The proposal to built a ₹3,600 crore Chhatrapati Shivaji Maharaj Memorial in the Arabian Sea is mired in controversy.
After a public interest litigation was filed at the Bombay High Court urging the project to be scrapped, a letter has been written to the Minister of Ministry of Environment, Forest (MoEF) and Climate Change (CC) pointing out that the project will affect the corals and marine biodiversity.
On May 16, a letter was written by environmentalist Debi Goenka, the Executive Trustee of Conservation Action Trust, says, “The entire procedure culminating in the Coastal Regulation Zone (CRZ) and environmental clearance has been based on incorrect premise that the site for the said memorial is situated in CRZ IV.
“The Environment Impact Assessment (EIA) report prepared by the National Environmental Engineering Research Institute and National Institute of Oceanography clearly states that there is an abundance of corals in the location proposed for the said memorial. Corals are categorised as CRZ-IA and are protected by the CRZ notification, 2011. The presence of corals was also confirmed by the site visit conducted by the officials of MoEF and CC and Public Waterworks Department.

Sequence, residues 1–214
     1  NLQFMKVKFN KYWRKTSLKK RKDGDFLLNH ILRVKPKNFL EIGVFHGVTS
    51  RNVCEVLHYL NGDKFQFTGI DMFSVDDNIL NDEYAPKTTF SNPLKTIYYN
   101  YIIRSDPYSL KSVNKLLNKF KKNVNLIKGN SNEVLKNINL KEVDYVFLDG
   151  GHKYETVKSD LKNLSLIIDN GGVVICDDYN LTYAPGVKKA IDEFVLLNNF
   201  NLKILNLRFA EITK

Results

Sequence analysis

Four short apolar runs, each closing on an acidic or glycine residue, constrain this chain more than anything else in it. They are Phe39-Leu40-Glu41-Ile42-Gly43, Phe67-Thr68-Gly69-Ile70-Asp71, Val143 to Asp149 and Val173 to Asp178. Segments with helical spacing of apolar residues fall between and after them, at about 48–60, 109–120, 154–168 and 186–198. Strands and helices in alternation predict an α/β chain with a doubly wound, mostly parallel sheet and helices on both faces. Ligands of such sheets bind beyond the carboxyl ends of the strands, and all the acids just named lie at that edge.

“The material cannot be constructed at the proposed site as it will lead to irreparable damage to the corals as well as to the marine biodiversity of the area and will also be in violation of CRZ notification, 2011.”
The letter also points out, “The proposed project will have an adverse impact on the livelihood of the fisherfolk communities in Mumbai. Further, the construction activities in the shallow waters will severely impact the fish breeding grounds thereby impacting the productivity of the ecosystem, worsening the impact on the livelihood of the fisherfolks and the environment.”
‘Will accelerate mining’
It goes on to say, “The proposed project construction will accelerate sand mining, quarrying and laterite mining. The laterite stone are available only at Talmod, Chandrapur, Satara, Ratnagiri and Kolhapur.
“The mining for the laterite will involve the clearing of forests and felling of trees. The present situation is that the EIA has not taken cognisance of these requirements. The project proponents expect the contractor to obtain and transport these quantities of materials through his own ingenuity and enterprise. This mining of minerals will lead to impacts on the ecology of other areas. The increase in the height will further escalate the demand for the minerals.”
The letter says the proposed project should not be considered at all as it clearly violates the CRZ amendment notification dated February 17, 2015.